Global job board operator Monster Worldwide reported a stronger finish to 2013 than analysts were expecting, beating their average earnings estimate by 5 cents a share and their revenue estimate by $3.4 million.
The company reported this m0rning it earned 11 cents per share versus the 6 cents a share analysts were predicting. Monster also offered a rosier outlook for the current quarter, forecasting it would earn between 6 cents and 10 cents per share.
Wall Street liked what it heard, bidding up the stock by more than 20 percent to $7.13 a share just after the opening.
The $198.7 million in revenue was the first time in two years that Monster grew revenue from quarter to quarter. Even more so than per share earnings, the dollars suggest a firming of Monster’s fortunes and, as Chairman, President and CEO Sal Iannuzzi said, it’s further evidence of improvement in the global economy.
Telling analysts on a conference call after the numbers were released this morning that the economy in most major markets of the world is improving, he said he sees the trend continuing this year.
From the third to the fourth quarter, revenue from job postings and resume searching in both North America (the company’s largest market) and elsewhere grew. Though the numbers were off from the last quarter of 2012, the improvement may mean the bottom was reached.
A hopeful sign that may be the case, said Iannuzzi, is that Monster’s e-commerce business is growing by double-digits. Those are the self-service job postings bought by low-volume employers, typically small companies who need to fill the occasional job. Growth here, Iannuzzi noted, is an early indicator of growth in the big-dollar contract business, which, he added, is also growing.
Momentum there, he said, is “more positive than it was a year ago.”
Adding an air of mystery to what is usually a straightforward discussion of dollars and cents, Iannuzzi hinted at some new strategies to be discussed at a May 14 meeting.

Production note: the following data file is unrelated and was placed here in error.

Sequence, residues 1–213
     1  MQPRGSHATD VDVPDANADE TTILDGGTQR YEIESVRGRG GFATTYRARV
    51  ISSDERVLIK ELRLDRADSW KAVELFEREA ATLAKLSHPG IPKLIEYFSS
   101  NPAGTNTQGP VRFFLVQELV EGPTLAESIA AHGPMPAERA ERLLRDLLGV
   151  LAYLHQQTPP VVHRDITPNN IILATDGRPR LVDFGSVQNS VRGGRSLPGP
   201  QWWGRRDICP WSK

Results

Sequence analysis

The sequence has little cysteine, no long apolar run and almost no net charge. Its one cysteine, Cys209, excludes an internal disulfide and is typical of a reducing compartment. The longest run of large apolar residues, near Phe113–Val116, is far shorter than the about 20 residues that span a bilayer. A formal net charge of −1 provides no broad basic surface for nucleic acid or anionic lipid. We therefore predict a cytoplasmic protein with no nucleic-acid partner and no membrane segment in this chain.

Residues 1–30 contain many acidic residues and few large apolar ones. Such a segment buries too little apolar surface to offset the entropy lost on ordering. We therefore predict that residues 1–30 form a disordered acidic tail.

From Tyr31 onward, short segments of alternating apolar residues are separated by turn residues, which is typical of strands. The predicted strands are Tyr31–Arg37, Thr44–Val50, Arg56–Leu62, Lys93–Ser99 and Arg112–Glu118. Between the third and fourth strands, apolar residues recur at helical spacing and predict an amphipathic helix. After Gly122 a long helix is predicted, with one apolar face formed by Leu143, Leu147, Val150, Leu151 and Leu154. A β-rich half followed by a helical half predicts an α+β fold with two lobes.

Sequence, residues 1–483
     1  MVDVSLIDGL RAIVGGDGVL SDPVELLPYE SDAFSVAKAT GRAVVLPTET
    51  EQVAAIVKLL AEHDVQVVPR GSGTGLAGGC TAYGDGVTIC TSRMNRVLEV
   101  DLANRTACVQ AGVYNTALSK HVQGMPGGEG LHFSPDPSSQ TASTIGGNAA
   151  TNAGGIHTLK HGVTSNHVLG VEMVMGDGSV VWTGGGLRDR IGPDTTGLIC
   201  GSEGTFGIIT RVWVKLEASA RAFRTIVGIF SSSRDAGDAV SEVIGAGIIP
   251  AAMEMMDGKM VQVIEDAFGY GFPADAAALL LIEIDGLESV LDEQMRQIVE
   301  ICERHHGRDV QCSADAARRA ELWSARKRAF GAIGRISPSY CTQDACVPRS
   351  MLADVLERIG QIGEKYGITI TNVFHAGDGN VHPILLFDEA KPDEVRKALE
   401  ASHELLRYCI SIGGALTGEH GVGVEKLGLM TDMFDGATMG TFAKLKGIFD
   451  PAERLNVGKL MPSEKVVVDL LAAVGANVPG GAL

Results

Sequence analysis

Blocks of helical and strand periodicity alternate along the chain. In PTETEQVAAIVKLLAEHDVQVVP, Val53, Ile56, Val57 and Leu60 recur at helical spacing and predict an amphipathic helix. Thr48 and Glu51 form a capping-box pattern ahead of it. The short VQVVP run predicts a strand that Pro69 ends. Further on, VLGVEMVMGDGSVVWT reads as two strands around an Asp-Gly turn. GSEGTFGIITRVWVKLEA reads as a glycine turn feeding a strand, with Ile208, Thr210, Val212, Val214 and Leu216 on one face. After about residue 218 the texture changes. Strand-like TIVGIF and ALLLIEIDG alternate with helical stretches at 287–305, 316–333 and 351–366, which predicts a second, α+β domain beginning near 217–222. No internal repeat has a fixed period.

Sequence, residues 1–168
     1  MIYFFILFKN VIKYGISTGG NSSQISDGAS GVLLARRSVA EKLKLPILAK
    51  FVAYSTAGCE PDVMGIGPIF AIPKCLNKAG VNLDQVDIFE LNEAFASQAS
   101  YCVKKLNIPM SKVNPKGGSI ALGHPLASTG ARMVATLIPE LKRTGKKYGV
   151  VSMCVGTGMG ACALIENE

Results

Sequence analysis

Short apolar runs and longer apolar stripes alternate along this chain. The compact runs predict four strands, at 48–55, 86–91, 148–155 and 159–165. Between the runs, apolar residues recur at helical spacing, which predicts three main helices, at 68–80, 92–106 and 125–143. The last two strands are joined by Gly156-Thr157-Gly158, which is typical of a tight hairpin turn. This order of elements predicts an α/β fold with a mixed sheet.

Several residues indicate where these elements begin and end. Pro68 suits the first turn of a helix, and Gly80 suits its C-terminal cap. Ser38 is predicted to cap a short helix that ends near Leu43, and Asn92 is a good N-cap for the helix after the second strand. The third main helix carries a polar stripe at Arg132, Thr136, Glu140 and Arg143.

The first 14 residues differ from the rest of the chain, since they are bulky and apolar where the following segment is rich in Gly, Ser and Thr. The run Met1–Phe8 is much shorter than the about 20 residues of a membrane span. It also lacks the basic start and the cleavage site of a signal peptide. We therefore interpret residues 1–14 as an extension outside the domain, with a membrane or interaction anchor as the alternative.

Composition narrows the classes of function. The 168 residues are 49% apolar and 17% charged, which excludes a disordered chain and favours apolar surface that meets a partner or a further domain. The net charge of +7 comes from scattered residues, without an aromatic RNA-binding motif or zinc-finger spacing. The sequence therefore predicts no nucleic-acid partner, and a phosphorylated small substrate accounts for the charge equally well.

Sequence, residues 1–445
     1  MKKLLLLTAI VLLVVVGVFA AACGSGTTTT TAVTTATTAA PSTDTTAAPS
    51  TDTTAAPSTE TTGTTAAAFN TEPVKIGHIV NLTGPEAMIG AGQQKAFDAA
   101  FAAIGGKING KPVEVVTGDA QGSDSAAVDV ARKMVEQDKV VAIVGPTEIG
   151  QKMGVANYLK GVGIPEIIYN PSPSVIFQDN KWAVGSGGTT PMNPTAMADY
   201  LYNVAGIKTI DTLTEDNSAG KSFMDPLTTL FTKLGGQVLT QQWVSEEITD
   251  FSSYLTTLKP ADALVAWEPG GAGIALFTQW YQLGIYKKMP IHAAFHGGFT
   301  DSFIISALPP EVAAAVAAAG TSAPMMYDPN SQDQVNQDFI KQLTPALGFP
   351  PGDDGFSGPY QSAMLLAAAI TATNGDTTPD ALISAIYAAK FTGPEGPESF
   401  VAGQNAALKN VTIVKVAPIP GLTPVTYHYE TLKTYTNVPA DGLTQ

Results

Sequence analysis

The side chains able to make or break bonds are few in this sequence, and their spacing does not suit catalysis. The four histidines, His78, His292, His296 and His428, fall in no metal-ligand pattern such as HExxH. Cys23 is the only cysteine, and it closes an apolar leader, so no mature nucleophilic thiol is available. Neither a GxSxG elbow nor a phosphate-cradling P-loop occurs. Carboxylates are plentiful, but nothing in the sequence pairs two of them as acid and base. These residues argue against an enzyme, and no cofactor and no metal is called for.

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In the press release announcing the fourth quarter and full-year financials, Iannuzzi says, “We continue to execute on several important initiatives that we believe will significantly improve our market share and increase profitability.”
Pressed during the conference, the CEO declined. “I’d rather not go into detail,” he said, coyly noting, “I agree we haven’t given much.”
Later, he said that the company thinking is focused on delivering a product that will keep customers from looking elsewhere for their hiring, and less on revenue — though making money is the objective, he quickly added.
Whatever that strategy is, it has some powerful challenges to face. CareerBuilder, a privately owned company, voluntarily said it had revenue from its North American operations of $171 million. (It doesn’t release any other numbers.) Off slightly from the previous quarter, CareerBuilder was still 4.3 percent ahead of the same quarter last year while Monster was down .5 percent.
LinkedIn, which will report its fourth quarter financial results this afternoon, is another key competitor. Since going public three years ago, the company has been growing by double digits. In the third quarter last year, its recruitment revenue was $224.7 million.
It also has to confront the challenge posed by the rising number of job search engines, and in particular Indeed.com and SimplyHired.com. Both privately held, neither of them report any financial results. But last year, Indeed was sold for more than a billion dollars to a Japanese conglomerate. Monster, which had put itself up for sale months earlier, failed to find a buyer.